There is widespread difference of opinion on who actually invented picnics or ‘le pique-nique’ but there are two obvious protagonists: the English and the French. In the 1600’s, the French actually first used the phrase ‘piquenique’ to mean a ‘potluck’. Each person contributing a dish and the total feast was then shared out. The word translated to English as ‘picnic’ in the mid-1700’s with a more generic meaning of a casual meal enjoyed in a beautiful outdoor setting.
What is quite clear however is that picnics could not possibly work without the key component of cheese! Here are some ideas about serving cheese at picnics. We’ve also included a few other important criteria to make the ideal outdoor meal:
Assuming the weather is good (see below), the intensity of the sun at a picnic can influence the choice of cheese that you take along. Unless you have a 007-style picnic hamper that contains a cooling compartment, your cheeses will be exposed to warmth from the minute you leave the house. Classic cheeses that have gained popularity from picnickers are Camembert‘s and Brie‘s that will ripen well in the warmth and ooze perfectly by the time you’ve found your spot under a tree.
Two other French cheeses that are hugely picnic-friendly are also Normandy-made: Livarot and Pont l’Eveque. You HAVE to have a cheddar at a picnic in the UK: a good quality Cheddar is the perfect mixing cheese in that it works brilliantly with so many different flavours and a variety of drinks; the picnic format is suited perfectly to a good artisan cheddar such as a Westcombe or a Montgomery. Finally a good goat’s cheese is ideal for a picnic since it will combine well with fruits and other nibbles.
A ‘smorgasbord’ of different cold cut meats is imperative to create the optimum buffet-style picnic. Hunting was the original reason for mediaeval-types first dining out of doors; if you don’t feel like building a large fire and spit-roasting your quarry then you could always take along an instant barbecue kit and sear some meats for a chargrilled flavour (see our Barbecued Tuna Salad with a Gratin of Baby Tomatoes and Gaperon).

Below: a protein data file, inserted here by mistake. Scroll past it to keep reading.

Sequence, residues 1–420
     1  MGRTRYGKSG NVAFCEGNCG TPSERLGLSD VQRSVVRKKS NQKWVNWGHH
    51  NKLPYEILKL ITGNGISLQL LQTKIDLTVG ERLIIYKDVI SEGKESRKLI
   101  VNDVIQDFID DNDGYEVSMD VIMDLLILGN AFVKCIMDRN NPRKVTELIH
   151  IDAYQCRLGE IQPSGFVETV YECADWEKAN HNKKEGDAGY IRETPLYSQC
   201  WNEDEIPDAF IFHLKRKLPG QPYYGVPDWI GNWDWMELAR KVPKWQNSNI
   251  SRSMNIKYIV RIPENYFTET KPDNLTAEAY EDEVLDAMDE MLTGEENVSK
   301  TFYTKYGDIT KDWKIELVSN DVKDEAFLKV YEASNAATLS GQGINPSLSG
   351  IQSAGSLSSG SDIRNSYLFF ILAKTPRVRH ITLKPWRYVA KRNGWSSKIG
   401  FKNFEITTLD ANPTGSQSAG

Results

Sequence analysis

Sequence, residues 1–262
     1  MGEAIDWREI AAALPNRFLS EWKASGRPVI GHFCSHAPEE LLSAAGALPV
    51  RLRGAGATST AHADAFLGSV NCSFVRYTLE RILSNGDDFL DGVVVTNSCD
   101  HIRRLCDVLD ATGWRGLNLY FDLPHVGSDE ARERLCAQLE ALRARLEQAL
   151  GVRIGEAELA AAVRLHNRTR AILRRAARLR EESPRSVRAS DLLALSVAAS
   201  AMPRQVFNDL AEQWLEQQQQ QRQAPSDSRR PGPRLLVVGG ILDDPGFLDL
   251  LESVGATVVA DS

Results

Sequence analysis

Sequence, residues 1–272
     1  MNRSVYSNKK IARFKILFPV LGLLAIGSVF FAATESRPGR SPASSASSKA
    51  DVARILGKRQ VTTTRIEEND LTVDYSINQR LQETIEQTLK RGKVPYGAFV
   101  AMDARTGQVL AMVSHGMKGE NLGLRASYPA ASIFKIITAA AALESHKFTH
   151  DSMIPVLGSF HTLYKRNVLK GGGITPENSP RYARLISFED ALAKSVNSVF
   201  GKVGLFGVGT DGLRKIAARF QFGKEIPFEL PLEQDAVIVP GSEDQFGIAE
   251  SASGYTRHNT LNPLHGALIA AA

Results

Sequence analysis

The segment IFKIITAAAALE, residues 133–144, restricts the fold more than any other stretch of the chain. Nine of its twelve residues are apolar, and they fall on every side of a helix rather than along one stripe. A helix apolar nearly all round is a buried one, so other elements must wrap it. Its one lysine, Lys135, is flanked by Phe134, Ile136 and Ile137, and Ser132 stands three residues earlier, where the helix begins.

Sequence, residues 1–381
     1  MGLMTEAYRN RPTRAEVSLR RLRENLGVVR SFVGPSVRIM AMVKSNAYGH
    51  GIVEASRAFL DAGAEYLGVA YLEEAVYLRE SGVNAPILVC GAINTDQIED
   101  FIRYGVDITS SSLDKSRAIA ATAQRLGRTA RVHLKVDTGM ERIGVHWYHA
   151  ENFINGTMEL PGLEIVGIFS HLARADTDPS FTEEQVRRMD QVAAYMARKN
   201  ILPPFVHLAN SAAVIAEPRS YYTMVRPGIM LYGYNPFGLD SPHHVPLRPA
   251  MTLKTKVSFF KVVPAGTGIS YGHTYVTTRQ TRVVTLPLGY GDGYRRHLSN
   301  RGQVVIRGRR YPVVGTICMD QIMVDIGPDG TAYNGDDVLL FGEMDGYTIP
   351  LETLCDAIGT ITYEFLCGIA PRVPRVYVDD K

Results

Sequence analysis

Bread and biscuits
Bar the cheese, probably the most crucial element of your picnic spread. Why spend all that effort and money on cheeses and meats if you haven’t got the most fresh and doughy baguette or finely made biscuits? We recommend Peter’s Yard Artisan Crispbreads. A baguette is also a great option for sharing and making the most out of a variety of different food stuffs.
We all stare in awe/ amazement at those families that decide the best place they can come up with for their picnic spot is a lay-by on a triple carriageway. How can this happen? This country is full of so many incredible rural and urban oases that it is unforgivable not to seek one out for your outdoor meal. Why not also have your picnic next to water; we love www.wildswimming.co.uk.
Fundamental. A picnic without sunshine is arguably worse than a picnic without cheese. Since you cannot control the weather, your only option in the event of a less than perfect climate is postponement.
Don’t forget that all the other elements of picnics are important: from the chutneys and salads through to treats, cakes and fruits. The same rule applies to the accompaniments as the amount of guests at your picnic: the more the merrier!